903724_10151340255435800_1859020389_oA couple of weeks ago, K had her genetics follow-up appointment to review the results of her Nuclear Mitome testing. This is a genetic test that looks for mutations in 448 nuclear genes that are involved in mitochondrial function. The test revealed that K is a carrier for a few things (the only one I remember is Wilson’s Disease) and that she has a mutation on her CoQ3 gene, which plays a role in the production of energy. While there is a chance that this mutation could be the root of K’s disease, they cannot say for sure because they have not seen this mutation before and have not established whether it is disease-causing or not. Gotta love genetics…always more information than they know what to do with!

Because we still do not have a genetic cause for K’s suspected mitochondrial disease, the doctor ordered Whole Exome Sequencing. Whole Exome Sequencing is the step below genome sequencing, the difference being that WES looks at all of the exons of every gene, and genome sequencing looks at both the introns and exons of every gene. Exons are the active portions of the gene, the part that codes for proteins, so if a mutation is causing disease in the body, it is most likely to be in this portion of the gene. Introns are non-coding areas and mutations found there are not likely to implicated in disease. So, skipping the introns and only looking at exons lightens the load a bit. Of course, there are 180,000 exons so it is still quite a bit to sift through, but considering that exons are only 3% of the entire genome, it is considerably easier to sequence!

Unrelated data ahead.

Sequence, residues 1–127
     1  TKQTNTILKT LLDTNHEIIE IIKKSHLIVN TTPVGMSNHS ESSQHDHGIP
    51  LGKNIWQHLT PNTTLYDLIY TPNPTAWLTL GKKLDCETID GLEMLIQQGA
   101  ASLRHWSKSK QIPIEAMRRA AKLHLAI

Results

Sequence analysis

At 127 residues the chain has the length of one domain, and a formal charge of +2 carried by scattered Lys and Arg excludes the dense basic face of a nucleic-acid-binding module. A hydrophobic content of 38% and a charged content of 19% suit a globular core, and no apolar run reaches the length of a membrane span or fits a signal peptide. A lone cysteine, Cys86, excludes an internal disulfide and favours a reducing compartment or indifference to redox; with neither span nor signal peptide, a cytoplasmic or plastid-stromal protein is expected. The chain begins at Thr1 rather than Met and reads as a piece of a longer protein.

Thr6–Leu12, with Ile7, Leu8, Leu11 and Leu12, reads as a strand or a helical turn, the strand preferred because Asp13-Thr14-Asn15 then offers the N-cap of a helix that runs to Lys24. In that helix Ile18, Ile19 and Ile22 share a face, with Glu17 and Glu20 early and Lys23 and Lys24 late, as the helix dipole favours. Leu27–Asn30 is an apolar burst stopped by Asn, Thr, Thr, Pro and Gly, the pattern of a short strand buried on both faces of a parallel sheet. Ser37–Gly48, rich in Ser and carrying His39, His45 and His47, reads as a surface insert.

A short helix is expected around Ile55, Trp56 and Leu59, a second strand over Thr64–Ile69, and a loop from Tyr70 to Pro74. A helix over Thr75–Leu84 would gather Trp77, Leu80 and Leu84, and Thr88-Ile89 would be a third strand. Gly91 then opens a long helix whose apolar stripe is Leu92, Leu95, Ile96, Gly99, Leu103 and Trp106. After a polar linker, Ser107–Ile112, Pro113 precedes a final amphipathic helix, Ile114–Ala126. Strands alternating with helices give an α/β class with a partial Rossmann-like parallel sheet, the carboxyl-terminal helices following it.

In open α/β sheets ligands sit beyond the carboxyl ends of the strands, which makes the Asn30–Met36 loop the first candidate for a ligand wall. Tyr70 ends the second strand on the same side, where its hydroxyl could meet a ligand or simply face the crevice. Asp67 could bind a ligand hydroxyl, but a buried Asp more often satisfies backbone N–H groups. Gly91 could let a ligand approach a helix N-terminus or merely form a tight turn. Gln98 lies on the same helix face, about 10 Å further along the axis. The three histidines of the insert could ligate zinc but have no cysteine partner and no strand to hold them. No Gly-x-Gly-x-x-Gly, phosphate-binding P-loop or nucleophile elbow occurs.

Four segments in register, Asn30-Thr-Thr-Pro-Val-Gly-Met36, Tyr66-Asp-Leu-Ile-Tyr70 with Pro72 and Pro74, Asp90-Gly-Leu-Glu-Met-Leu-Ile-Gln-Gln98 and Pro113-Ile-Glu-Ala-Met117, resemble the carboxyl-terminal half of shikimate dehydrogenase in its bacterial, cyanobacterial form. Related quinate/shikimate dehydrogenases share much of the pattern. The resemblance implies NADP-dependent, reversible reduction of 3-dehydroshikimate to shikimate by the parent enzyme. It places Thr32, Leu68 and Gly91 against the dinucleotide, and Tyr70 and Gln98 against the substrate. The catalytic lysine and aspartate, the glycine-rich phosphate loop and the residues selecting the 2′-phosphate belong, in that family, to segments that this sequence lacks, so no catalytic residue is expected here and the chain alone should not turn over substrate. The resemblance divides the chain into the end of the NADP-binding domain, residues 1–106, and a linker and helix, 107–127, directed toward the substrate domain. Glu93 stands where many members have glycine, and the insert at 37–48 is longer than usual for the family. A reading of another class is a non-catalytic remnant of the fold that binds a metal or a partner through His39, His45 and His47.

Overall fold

Josh, Katie, and I had to go get labs drawn last week (Josh and I are the controls and are used to establish inheritance patterns). Although it was no fun for anyone to get stuck, it was kind of nice having Josh along for an appointment! We made a pit-stop in the cafeteria for K’s favorite pizza (one of the few things she will eat) and stopped by the gift shop and headed back home. In 4-6 months, we should have results! Even if we don’t find the root of K’s disease with this test, it should still provide some interesting information!

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